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I'm trying to make change to a site where with the current infrastructure isn't great as due to how it's been built over the previous site rather then fresh.

I have a section of the site which needs it's own custom fields. This section doesn't warrant it's own post type, and due to the state of the site it's extremely impractical to do it this way. What I don't want for the sake of the user is to have to make them use the custom fields as it's pretty sloppy.

So, how can I add fields (like you would for a custom post type) when a certain template is selected?

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  • Even a starting point would be good, if anyone knows a hook or where you might find the current template selection in a variable on the post edit page.
    – Leonard
    Oct 30, 2012 at 13:11
  • It's been 3 years since this question was asked, but I wanted to add that now Advanced Custom Fields lets you use fields conditionally for specific templates. So no need to handle it yourself in code. Jan 28, 2016 at 19:30

1 Answer 1

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Can you do that? Absolutely! You simply need to query the _wp_page_template meta key value of the $post object, and act accordingly. Perhaps something like so:

// Globalize $post
global $post;
// Get the page template post meta
$page_template = get_post_meta( $post->ID, '_wp_page_template', true );
// If the current page uses our specific
// template, then output our post meta
if ( 'template-foobar.php' == $page_template ) {
    // Put your specific custom post meta stuff here
}

Now, I would recommend using a custom post meta box, rather than custom fields.

While full implementation of custom post meta boxes is slightly outside the scope of your question, the underlying answer remains the same. I'll try to point you in the general direction, though. You'll use a combination of add_meta_box(), called in a callback hooked into add_meta_boxes-{hook}, a callback to define the metabox, and a callback to validate/sanitize and save custom post meta.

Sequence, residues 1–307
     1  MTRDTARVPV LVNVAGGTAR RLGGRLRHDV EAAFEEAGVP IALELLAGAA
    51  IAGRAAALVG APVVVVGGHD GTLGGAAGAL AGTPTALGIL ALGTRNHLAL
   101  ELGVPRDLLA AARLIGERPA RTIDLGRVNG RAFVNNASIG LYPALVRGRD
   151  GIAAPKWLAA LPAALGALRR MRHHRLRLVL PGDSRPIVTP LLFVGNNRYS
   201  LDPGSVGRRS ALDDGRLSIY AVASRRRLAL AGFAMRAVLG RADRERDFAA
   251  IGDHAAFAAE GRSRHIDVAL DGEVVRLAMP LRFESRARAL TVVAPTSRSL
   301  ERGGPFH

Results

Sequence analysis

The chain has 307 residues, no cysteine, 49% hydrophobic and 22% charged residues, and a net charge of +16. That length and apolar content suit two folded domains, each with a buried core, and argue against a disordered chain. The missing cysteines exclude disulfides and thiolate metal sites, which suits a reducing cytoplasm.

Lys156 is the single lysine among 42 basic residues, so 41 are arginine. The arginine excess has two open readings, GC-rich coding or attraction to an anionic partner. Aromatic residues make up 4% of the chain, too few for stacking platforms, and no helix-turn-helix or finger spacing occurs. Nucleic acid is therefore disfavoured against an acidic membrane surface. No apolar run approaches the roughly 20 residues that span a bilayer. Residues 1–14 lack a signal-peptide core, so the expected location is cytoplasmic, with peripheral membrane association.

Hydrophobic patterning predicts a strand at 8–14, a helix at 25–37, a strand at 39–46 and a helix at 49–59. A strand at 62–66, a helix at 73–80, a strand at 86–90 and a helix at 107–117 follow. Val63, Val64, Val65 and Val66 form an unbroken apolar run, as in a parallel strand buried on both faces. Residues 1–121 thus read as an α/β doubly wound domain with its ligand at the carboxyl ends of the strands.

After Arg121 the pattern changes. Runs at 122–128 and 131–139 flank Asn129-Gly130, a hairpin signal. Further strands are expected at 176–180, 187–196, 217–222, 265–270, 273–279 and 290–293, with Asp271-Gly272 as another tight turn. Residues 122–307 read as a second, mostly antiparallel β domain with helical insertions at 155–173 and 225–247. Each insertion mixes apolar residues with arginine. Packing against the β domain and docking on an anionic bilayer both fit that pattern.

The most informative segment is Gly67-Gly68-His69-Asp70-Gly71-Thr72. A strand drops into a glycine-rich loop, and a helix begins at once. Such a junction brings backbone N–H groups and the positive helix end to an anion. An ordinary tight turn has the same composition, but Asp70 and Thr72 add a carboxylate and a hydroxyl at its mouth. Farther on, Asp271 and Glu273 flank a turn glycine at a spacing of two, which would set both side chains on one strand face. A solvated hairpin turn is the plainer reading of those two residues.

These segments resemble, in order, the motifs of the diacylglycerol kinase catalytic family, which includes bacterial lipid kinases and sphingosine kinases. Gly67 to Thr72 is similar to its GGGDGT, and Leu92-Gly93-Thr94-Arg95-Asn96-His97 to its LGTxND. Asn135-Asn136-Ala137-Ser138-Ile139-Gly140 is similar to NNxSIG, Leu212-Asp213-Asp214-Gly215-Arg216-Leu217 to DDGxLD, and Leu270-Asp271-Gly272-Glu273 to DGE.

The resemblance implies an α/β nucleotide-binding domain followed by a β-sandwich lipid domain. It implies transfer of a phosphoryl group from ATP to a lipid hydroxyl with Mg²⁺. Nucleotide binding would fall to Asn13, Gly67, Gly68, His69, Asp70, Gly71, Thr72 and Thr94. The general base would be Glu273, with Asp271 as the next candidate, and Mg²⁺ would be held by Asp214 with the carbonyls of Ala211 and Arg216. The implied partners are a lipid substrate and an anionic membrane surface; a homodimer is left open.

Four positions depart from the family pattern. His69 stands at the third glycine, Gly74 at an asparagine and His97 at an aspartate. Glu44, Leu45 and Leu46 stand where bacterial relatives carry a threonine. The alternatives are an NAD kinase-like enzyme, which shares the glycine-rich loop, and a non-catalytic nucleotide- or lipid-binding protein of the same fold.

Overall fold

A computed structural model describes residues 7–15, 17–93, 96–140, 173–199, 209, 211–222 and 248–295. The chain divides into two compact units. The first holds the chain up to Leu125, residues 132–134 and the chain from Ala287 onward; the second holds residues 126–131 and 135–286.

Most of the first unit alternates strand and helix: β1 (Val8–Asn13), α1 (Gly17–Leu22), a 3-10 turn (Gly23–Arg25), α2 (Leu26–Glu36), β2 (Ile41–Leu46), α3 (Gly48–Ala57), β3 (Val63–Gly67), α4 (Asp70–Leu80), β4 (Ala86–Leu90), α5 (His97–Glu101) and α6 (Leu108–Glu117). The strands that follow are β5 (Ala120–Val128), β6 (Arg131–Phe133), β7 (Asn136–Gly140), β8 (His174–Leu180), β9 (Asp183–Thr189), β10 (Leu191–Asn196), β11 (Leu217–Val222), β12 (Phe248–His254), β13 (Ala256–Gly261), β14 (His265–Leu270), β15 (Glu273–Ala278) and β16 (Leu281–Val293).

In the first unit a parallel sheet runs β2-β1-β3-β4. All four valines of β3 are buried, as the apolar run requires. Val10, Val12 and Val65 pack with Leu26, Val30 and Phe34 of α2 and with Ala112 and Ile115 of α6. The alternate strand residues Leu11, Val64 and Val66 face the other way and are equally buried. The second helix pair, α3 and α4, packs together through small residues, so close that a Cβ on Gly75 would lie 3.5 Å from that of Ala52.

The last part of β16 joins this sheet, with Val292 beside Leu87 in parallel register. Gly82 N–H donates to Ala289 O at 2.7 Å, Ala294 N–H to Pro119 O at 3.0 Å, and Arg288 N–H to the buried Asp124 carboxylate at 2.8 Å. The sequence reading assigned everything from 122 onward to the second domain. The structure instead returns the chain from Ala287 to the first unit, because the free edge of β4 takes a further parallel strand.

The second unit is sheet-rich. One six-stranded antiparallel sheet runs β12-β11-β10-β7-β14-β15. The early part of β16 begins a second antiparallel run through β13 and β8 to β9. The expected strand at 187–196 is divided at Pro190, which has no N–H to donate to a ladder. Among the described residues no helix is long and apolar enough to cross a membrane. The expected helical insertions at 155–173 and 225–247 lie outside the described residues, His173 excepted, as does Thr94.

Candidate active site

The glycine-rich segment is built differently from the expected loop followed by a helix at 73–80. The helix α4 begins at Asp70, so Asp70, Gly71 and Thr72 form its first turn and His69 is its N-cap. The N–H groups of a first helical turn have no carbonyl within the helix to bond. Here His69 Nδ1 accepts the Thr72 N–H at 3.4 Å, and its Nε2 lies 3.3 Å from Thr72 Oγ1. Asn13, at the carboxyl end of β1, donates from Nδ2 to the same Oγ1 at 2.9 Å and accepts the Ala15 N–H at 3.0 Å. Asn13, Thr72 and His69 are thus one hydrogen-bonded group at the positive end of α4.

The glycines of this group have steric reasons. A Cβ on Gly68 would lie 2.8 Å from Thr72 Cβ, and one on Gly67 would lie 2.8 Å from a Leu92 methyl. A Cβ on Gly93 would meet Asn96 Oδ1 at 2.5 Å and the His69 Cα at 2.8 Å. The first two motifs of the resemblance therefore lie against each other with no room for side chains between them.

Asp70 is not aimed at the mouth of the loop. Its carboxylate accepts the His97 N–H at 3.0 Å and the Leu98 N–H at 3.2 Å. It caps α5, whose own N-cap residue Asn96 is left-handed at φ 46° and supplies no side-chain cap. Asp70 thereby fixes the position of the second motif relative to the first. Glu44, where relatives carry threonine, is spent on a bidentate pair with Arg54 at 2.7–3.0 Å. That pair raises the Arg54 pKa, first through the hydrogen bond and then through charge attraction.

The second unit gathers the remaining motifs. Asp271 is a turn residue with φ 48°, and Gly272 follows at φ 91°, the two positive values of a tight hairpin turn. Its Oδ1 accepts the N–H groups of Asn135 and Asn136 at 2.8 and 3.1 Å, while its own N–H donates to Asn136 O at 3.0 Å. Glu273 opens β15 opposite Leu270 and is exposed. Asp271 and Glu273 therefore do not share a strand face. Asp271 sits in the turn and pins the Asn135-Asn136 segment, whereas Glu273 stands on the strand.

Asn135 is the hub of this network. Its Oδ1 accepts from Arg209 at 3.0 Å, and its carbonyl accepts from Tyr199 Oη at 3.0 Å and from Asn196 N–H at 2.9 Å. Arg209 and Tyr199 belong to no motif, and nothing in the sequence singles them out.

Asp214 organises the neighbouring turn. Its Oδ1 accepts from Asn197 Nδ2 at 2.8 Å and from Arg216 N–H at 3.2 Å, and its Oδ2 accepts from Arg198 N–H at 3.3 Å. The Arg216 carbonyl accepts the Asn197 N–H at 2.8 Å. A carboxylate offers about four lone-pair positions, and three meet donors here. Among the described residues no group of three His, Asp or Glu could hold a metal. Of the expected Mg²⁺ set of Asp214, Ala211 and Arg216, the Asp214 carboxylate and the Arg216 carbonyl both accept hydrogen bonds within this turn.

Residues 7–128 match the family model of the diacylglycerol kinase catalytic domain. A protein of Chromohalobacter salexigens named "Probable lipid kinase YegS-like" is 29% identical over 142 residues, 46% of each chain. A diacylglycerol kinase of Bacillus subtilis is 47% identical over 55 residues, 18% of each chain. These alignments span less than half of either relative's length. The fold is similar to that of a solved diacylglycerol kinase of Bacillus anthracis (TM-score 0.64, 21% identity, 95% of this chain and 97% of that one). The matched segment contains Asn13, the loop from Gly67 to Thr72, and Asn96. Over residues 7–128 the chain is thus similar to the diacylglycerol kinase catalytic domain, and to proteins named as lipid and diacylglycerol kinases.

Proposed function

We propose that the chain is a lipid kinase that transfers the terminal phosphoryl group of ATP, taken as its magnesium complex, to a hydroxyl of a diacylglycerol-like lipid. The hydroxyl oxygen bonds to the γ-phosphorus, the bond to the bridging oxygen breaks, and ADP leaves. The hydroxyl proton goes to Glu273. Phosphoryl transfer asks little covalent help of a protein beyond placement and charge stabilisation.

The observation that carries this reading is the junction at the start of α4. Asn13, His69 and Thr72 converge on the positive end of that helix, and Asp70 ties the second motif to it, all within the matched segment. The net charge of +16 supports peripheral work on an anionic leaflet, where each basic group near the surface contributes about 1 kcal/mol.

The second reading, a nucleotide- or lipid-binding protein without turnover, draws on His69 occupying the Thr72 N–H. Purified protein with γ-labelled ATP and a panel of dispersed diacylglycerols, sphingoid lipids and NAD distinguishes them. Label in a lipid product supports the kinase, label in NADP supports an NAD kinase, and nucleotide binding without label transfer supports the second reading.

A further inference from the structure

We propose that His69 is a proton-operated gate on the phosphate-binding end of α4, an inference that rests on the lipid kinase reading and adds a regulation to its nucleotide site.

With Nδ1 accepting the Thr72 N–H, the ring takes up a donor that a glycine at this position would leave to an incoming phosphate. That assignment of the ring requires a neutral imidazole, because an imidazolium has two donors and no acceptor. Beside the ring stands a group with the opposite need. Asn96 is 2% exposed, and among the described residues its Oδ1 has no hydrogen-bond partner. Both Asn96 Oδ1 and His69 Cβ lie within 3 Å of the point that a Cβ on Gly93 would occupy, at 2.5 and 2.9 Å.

function wpse70958_add_meta_boxes( $post ) {

    // Get the page template post meta
    $page_template = get_post_meta( $post->ID, '_wp_page_template', true );
    // If the current page uses our specific
    // template, then output our custom metabox
    if ( 'template-foobar.php' == $page_template ) {
        add_meta_box(
            'wpse70958-custom-metabox', // Metabox HTML ID attribute
            'Special Post Meta', // Metabox title
            'wpse70598_page_template_metabox', // callback name
            'page', // post type
            'side', // context (advanced, normal, or side)
            'default', // priority (high, core, default or low)
        );
    }
}
// Make sure to use "_" instead of "-"
add_action( 'add_meta_boxes_page', 'wpse70958_add_meta_boxes' );


function wpse70598_page_template_metabox() {
    // Define the meta box form fields here
}


function wpse70958_save_custom_post_meta() {
    // Sanitize/validate post meta here, before calling update_post_meta()
}
add_action( 'publish_page', 'wpse70958_save_custom_post_meta' );
add_action( 'draft_page', 'wpse70958_save_custom_post_meta' );
add_action( 'future_page', 'wpse70958_save_custom_post_meta' );

Edit

It may be better to wrap the entire add_meta_box() call in the conditional.

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  • 2
    Beautiful! That answer has surpassed any answer I expected completely. Thank you, you are a legend!
    – Leonard
    Oct 30, 2012 at 13:39
  • 2
    Worked a charm... I'd up vote or select as an answer but I've only just joined this wing of stack exchange so hopefully my thanks here will suffice ;)
    – Leonard
    Oct 30, 2012 at 15:55
  • Happy to help, and welcome to WPSE! Oct 31, 2012 at 1:18
  • Normal isn't a priority, and will cause the metabox to not display. Default is the priority to use there. Otherwise, spot on! Thanks Nov 7, 2014 at 14:47

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